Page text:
In 1999, he published his first novel, No Great Mischief, which follows the lives of several generations of a family that emigrates from Scotland to Cape Breton Island the setting of many of MacLeod's short stories. Written over the course of thirteen years, No Great Mischief was published to great critical acclaim and has been translated into a number of different languages. Nominated for all of Canada's major literary awards, the novel was awarded the Trillium Award, the Thomas Head Raddall Atlantic Fiction Award, the Dartmouth Book & Writing Award for Fiction, the Atlantic Provinces Booksellers Choice Award, the 2001 International IMPAC Dublin Literary Award.

All of his published short stories, plus one new piece, were collected in Island, published in 2000.

His works are considered among the very best Canada has produced in the twentieth century.

The Quill and Quire 
The Observer

McClelland Publishing

Friday, 28 September 2012

The Memory Palace by Mira Bartok

When piano prodigy Norma Herr was healthy, she was the most vibrant personality in the room. But as her schizophrenic episodes became more frequent and more dangerous, she withdrew into a world that neither of her daughters could make any sense of. After Norma attacked her, Mira Bartok and her sister changed their names and cut off all contact in order to keep themselves safe. For the next seventeen years Mira’s only contact with her mother was through infrequent letters exchanged through post office boxes, often not even in the same city where she was living.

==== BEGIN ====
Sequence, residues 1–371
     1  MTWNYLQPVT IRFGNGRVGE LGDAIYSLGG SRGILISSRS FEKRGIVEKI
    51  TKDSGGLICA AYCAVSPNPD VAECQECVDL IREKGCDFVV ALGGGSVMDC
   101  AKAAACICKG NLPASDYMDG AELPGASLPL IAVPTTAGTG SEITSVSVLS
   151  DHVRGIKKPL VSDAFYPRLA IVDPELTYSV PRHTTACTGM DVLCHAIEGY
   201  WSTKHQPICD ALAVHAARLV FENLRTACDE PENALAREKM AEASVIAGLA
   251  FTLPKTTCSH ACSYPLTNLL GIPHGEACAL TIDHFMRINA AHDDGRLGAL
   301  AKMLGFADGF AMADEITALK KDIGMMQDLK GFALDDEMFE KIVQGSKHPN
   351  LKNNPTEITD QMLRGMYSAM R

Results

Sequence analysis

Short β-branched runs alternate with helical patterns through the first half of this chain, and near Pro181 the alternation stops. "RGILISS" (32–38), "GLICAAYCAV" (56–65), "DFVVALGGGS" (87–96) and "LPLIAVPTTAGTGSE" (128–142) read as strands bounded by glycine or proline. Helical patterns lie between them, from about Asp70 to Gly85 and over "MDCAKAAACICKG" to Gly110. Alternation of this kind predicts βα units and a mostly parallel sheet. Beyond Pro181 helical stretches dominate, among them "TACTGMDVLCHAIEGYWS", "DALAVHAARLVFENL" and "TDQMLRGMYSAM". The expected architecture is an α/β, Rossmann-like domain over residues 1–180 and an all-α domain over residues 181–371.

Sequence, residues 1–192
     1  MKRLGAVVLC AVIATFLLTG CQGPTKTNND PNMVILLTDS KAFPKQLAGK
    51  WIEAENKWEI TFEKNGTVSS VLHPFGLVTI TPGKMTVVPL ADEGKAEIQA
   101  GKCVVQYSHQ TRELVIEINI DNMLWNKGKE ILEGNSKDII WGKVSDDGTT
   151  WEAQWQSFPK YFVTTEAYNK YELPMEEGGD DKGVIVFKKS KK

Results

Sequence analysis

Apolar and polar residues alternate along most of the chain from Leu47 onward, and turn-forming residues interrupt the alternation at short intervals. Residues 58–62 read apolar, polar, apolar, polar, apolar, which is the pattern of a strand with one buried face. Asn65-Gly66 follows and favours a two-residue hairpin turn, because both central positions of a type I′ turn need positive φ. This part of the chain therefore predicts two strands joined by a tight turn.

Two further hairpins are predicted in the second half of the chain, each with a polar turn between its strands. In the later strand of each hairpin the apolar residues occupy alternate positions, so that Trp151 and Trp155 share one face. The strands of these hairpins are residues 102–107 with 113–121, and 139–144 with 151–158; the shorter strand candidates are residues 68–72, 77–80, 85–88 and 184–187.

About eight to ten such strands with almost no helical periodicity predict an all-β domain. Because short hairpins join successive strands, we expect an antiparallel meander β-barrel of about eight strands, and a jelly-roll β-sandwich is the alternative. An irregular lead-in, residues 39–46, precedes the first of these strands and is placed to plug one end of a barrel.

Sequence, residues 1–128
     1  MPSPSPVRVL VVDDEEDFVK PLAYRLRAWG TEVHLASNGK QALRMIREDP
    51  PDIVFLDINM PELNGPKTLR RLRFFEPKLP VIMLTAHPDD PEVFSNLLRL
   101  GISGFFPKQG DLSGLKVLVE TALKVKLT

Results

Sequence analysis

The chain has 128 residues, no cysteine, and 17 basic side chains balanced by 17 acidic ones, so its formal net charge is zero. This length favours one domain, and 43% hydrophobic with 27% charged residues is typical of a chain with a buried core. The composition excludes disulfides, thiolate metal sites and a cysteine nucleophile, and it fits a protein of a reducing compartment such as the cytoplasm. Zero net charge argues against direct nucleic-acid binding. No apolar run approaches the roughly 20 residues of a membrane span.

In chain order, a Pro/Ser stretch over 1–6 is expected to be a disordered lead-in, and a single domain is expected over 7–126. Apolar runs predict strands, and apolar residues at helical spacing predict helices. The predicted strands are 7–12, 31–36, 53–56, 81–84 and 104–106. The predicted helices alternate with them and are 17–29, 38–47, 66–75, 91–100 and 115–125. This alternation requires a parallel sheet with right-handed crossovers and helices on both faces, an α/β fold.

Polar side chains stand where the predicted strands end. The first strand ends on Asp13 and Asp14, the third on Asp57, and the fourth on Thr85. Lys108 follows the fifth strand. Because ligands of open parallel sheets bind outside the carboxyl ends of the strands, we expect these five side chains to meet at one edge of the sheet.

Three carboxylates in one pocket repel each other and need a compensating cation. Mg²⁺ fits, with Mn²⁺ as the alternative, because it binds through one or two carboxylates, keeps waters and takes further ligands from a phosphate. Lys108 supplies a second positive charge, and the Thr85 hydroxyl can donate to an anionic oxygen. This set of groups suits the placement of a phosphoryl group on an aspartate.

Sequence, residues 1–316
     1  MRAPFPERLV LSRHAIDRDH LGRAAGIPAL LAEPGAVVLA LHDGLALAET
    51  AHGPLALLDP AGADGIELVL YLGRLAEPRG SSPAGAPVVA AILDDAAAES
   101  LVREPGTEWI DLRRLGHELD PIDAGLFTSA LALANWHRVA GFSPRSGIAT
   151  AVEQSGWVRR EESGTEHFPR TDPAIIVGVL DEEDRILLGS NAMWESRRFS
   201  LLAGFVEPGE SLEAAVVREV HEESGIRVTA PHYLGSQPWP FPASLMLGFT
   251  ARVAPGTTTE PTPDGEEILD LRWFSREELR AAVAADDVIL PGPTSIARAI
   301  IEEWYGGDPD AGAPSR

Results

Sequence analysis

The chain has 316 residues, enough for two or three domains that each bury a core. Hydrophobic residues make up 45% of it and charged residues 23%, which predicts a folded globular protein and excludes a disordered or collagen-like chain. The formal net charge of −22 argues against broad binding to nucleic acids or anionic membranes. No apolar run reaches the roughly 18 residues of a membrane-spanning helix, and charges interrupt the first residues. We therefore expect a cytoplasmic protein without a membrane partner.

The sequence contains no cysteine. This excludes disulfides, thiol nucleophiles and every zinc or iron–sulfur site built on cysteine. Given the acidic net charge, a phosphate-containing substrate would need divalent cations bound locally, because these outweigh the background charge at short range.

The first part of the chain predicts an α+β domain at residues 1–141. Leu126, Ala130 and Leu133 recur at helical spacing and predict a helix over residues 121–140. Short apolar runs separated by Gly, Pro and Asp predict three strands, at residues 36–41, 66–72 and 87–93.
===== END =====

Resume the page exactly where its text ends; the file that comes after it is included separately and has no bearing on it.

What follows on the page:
At the age of forty, Mira suffered a debilitating head injury that left her memories foggy and her ability to make sense of the world around her forever changed. Hoping to reconnect with her past, Mira learned Norma was dying in a hospital, and she and her sister traveled to their mother’s deathbed to reconcile one last time.
Through stunning prose and gorgeous original art, The Memory Palace explores the connections between mother and daughter that cannot be broken no matter how much exists—or is lost—between them.
About the Author

  New York Times bestselling author and winner of the National Book Critics Circle Award for Autobiography, Mira Bartók is an artist, NPR commentator and author of twenty-eight books for children. Her writing has appeared in literary journals, magazines and anthologies and has been nominated for a Pushcart Prize and noted in The Best American Essays series. She lives in Western Massachusetts where she mentors other writers and runs Mira’s List, a blog that helps artists find funding and residencies all over the world. Along with her drummer and music producer Doug Plavin, she is also co-founder of North of Radio, a multi-media collaborative.


New York Times
National Book Critics Circle

Saturday, 1 September 2012

A Thousand Splendid Suns by Khaled Hosseini

A Thousand Splendid Suns is at once an incredible chronicle of thirty years of Afghan history and a deeply moving story of family, friendship, faith, and the salvation to be found in love.